Child’s Pose (Balasana) is a resting pose resembling the fetal position, usually used to return to normal calm breathing after more challenging yoga poses. In my kids’ yoga classes child’s pose becomes so much more than a quick rest! The children may turn into rocks, sloths, bugs, mice, seeds, benches, or babies, for example, as we weave imagination and creative movement throughout our yoga practice.
Child’s pose is one of the most popular asanas among my yogis, particularly those on the autism spectrum. Children with a deficient vagal system can lack the tools to self-calm, and the muscle release, relaxation and calm that this posture provides them is significant. Child’s pose is transformative for anyone who practices yoga, and I look forward to the moment my yoga instructor tells me to find my way to this heavenly, calming pose, after a long vinyasa sequence.
How To Do Child’s Pose
- From Table Pose, exhale and lower the hips to the heels, knees slightly apart, big toes touching.
- Bend forward, lay your torso between your thighs, forehead to the floor.
- Bring arms overhead with the palms on the floor, the palms or fists can be stacked under the forehead, or the arms can be along side the body.
- Stretch the tailbone away from the back of the pelvis as you lift the base of your head slightly away from the back of your neck.
- Broaden the sacrum all across the back of the pelvis.
- Breathe slowly and deeply, pressing the belly against the thighs on the inhale.
- Since this is a resting pose, you can stay in the pose for anywhere from 30 seconds to a few minutes.
- To release the asana, place the palms under the shoulders and slowly inhale up to a seated position.
Precautions and Contraindications
- Suffering from diarrhea
- Recent or chronic injury to the knee
- High Blood Pressure
Modifications and Variations
- Place a blanket under the hips, knees and/or forehead for more comfort or support.
- If pregnant, spread the knees wide apart to remove any pressure on the abdomen.
- Arms by sides to give shoulders a rest.
- Cushion between the legs for tight hips.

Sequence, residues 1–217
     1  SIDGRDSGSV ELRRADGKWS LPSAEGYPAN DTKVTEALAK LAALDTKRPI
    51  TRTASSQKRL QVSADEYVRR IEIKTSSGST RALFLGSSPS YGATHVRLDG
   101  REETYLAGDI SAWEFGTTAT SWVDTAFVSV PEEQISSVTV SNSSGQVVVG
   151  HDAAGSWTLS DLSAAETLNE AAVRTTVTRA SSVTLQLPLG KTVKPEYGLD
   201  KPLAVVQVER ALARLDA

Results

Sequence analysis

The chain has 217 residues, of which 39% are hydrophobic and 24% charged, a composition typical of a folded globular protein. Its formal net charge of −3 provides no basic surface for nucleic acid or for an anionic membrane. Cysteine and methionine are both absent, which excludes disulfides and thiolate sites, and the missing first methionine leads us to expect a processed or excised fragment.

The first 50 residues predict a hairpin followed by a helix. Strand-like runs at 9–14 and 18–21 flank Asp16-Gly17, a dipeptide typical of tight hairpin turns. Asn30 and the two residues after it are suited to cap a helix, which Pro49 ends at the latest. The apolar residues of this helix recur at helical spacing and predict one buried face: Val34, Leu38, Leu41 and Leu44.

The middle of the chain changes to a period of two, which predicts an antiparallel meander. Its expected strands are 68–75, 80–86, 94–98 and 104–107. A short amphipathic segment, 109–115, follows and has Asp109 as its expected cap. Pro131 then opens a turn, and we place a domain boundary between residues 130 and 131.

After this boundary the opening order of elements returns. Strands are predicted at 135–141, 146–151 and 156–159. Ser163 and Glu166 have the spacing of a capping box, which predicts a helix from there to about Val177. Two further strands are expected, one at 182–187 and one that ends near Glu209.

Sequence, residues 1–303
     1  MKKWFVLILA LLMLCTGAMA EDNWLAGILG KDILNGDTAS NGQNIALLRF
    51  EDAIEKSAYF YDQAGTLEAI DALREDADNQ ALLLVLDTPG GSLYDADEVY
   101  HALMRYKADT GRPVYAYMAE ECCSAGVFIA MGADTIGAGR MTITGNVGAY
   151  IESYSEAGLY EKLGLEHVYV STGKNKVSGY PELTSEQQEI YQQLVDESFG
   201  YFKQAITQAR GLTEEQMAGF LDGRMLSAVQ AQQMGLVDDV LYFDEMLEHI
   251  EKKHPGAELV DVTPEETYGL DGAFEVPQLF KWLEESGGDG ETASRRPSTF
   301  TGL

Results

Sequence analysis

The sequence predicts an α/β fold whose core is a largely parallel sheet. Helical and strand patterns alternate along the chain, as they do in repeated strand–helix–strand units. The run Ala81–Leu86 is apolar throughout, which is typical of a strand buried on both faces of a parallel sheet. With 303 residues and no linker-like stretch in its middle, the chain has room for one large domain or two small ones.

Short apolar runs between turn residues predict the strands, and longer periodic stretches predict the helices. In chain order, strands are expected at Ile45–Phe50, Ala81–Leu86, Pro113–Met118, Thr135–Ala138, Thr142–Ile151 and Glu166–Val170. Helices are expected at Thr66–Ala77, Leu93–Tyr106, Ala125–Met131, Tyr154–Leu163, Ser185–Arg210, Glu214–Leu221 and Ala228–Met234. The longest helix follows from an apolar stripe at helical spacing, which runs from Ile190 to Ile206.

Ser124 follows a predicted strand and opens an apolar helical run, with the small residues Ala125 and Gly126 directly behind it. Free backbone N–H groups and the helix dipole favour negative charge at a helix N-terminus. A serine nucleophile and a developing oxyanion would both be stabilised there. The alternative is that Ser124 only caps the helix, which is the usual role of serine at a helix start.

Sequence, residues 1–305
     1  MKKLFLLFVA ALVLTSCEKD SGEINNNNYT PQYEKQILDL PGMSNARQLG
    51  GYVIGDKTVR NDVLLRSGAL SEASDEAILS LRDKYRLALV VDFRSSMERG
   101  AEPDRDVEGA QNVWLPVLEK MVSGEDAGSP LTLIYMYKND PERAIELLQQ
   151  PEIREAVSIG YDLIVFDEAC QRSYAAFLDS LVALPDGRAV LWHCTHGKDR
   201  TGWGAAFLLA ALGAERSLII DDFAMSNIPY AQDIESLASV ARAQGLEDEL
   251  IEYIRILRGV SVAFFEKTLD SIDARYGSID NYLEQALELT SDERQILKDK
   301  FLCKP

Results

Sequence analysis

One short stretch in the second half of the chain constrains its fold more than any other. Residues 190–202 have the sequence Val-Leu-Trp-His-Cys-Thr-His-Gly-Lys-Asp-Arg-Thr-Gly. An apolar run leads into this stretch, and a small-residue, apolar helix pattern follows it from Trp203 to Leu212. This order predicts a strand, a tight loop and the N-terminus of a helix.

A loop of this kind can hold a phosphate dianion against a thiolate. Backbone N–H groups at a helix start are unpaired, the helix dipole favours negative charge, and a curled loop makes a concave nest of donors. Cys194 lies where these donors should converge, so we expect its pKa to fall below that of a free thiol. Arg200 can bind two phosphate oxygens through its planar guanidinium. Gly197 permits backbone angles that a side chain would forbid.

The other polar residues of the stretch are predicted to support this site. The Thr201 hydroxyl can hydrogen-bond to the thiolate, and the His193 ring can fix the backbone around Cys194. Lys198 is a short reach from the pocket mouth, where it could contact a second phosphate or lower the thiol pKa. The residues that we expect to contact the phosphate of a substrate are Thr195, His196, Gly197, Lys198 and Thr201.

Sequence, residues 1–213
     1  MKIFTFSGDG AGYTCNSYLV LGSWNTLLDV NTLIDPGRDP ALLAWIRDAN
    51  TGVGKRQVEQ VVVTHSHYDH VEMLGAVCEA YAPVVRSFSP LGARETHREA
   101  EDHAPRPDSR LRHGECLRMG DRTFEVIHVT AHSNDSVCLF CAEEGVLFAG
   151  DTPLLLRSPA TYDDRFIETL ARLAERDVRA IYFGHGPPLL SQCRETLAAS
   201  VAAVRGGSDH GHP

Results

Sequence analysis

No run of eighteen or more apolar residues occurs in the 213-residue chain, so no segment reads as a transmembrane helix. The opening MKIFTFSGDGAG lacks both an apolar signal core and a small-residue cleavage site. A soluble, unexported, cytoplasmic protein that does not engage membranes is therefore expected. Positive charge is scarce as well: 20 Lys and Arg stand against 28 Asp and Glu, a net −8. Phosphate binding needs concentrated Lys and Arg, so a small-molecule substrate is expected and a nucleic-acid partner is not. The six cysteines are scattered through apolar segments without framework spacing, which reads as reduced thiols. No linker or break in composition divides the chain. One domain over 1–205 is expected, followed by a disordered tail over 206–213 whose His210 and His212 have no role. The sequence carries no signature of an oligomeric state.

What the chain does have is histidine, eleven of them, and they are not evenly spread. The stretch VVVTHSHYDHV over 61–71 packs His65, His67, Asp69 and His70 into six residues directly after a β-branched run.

- Slide one arm under for a good shoulder stretch.
- Wide leg straddling bolster, lying on bolster, forehead on palms of hands.
- Open knees wide and slide arms between the legs, reaching under the body, and turn the head to the side.
Benefits of Child’s Pose
- Calms the mind. Placing your forehead (“third eye”, or just between your eyebrows) on the mat, has an instant calming and soothing effect on the brain. The body is folded inward, and eyes look backward, sending a signal to the brain that you are safe and it is okay to rest.
- Helps reduce stress and anxiety.
- Helps release tension in the chest, back and shoulders.
- Helps to massage and flex internal organs, keeping them active and supple. This pose is especially great for digestion, as by resting your belly on your thighs and taking long slow inhale and exhales, you are literally manually massaging your intestinal tract.
- Child’s pose is highly recommended if you have dizziness or fatigue.
- Helps stretch and lengthen the spine.
- Opens the hips.
- Stretches the ankles, hips and thighs.
I would like to return to my passion, an exploration of Child’s Pose as it is playfully practiced in children’s yoga. Many of my children’s yoga class themes are literacy based, all genres, for all ages. Most of these stories have critters or objects we emulate with child’s pose. The children may stretch like spiders as they walk their fingers as far forward as they can, lifting their palms off the floor. Their SPIDER then “walk” to the right, back through center, then to the left, providing a great stretch to their shoulders and lengthening their rib cage. On a walk in the park, after observing and becoming various creatures, the children may rest on a PARK BENCH, or become a LIZARD ON A ROCK, resting in the sun.
In both these partner poses, 1 child takes child’s pose (bench or rock). The partner then sits low on the child’s back, facing in the opposite direction. Carefully, the partner drapes herself over the child in the pose, so both heads are close together. The child in the backbend reaches her arms overhead and lengthens her legs straighter. Stay for a few breaths.
A fun activity that usually has the children giggling is the CHILD’S POSE WAVE. This can be done in a circle, or long line. Everyone comes into child’s pose with arms stretched long in front. The toes of the child in front will be touching the hands of the child behind her. A child starts the wave by lifting on to her knees, hands overhead and chest high. As she comes back into child’s pose, the child behind her starts to lift upward, and so on. I have done this using Lion’s Breath as a warm-up, calling out baby lion breath, or Mama, or Dad lion breath each round. This encourages deep breathing, focus and cooperation.
“If you open your heart and become like a child, you will always be content.”
Sri Dharma Mittra